More people now live in cities than in rural areas
Although migration from rural to urban environments is increasing, cities are not great places to live in a warming world.
Higher urban temperatures are likely to increase the impact of air pollutants from traffic and industry – already a major problem in many cities. Increased sunlight could also lead to more ground-level ozone, which is associated with a wide range of respiratory conditions.
Living in an area suffering from high levels of air pollution could even shorten the life expectancy of the most vulnerable by up to nine years.
In addition, because in cities vegetation has been replaced by buildings, roads and other heat-absorbing infrastructure, urban areas tend to get considerably hotter than surrounding areas – known as the urban heat island effect. As well as increasing the risk of heat-related illnesses, higher temperatures promote the spread of many infectious diseases. The influx of migrants from rural areas can lead to overcrowding and put pressure on health infrastructure and other public services. The spread of shantytowns – makeshift settlements of poor people on the edges of cities in the developing world – creates sanitation problems, increasing the spread of infectious disease.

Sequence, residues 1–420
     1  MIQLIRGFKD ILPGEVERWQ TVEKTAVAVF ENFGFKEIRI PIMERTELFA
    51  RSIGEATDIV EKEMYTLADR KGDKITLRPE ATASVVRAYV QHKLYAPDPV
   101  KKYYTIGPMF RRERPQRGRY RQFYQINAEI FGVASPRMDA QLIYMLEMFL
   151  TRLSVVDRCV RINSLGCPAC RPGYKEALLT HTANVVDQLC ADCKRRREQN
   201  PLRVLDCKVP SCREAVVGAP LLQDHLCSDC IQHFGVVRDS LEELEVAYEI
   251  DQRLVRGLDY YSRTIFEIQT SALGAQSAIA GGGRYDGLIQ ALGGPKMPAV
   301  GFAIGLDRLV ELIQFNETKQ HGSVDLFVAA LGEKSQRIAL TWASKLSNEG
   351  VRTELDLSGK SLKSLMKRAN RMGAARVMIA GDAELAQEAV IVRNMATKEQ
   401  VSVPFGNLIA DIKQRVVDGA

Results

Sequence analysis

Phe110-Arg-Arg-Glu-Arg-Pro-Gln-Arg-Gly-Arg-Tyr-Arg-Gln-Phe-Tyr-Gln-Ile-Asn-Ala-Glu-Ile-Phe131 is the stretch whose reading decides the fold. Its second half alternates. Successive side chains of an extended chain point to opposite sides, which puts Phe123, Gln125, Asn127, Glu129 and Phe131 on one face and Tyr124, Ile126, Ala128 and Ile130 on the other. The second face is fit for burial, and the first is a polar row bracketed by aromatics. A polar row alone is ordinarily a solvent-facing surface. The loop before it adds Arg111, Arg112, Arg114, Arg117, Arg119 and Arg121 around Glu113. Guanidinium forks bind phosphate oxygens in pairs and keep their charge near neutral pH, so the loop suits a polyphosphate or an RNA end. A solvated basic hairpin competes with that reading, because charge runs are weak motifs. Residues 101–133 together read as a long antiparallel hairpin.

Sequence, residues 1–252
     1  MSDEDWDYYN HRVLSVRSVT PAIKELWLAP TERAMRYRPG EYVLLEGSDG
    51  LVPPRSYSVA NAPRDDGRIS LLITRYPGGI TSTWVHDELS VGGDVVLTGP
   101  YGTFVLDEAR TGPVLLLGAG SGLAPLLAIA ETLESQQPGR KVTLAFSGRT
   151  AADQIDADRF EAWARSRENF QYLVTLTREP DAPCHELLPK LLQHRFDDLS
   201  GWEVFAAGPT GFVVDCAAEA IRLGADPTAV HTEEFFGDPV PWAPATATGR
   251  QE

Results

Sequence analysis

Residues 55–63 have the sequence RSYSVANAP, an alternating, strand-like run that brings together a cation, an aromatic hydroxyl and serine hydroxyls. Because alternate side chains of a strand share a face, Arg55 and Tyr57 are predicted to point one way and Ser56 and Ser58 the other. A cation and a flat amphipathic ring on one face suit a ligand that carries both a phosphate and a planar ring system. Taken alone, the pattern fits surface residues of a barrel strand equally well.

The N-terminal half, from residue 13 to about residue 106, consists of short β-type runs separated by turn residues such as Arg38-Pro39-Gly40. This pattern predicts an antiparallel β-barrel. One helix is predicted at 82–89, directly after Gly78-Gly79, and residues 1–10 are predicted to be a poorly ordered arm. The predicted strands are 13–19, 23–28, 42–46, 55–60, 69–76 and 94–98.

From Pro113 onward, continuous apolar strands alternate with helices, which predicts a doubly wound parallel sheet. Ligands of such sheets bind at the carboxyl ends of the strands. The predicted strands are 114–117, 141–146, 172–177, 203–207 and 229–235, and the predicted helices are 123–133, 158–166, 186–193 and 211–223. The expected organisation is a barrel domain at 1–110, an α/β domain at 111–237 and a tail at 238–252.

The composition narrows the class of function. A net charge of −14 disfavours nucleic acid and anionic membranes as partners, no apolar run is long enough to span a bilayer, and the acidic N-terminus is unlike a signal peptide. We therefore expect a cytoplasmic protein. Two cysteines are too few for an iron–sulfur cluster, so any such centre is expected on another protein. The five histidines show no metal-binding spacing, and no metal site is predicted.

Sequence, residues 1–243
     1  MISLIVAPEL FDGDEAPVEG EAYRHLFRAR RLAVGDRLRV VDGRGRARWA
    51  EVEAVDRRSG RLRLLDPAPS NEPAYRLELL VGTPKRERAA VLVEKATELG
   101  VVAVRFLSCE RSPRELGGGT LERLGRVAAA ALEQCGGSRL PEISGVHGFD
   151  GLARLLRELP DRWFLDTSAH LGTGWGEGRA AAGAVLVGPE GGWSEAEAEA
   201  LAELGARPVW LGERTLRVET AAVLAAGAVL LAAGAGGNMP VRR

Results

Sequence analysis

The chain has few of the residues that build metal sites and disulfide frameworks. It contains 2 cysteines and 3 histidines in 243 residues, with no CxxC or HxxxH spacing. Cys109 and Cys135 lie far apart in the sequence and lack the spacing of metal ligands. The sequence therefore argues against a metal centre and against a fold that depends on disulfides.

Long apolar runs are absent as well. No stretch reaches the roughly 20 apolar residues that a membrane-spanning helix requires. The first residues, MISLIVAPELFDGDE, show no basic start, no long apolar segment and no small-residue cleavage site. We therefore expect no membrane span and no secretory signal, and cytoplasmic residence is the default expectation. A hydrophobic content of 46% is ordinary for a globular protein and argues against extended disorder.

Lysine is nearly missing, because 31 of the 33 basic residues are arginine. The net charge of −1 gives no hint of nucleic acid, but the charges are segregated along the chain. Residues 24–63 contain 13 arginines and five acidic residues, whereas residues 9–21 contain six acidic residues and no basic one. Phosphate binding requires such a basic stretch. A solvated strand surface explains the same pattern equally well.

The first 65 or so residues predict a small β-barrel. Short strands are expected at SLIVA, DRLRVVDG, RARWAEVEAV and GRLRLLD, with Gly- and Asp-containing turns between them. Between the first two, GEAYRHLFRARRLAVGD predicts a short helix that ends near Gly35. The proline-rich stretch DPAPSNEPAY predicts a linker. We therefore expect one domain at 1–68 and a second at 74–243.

- Climate change, air pollution and extreme events leading to increasing prevalence of allergic respiratory diseases (2013)
- A report by the UK House of Commons’ Environmental Audit Committee on air quality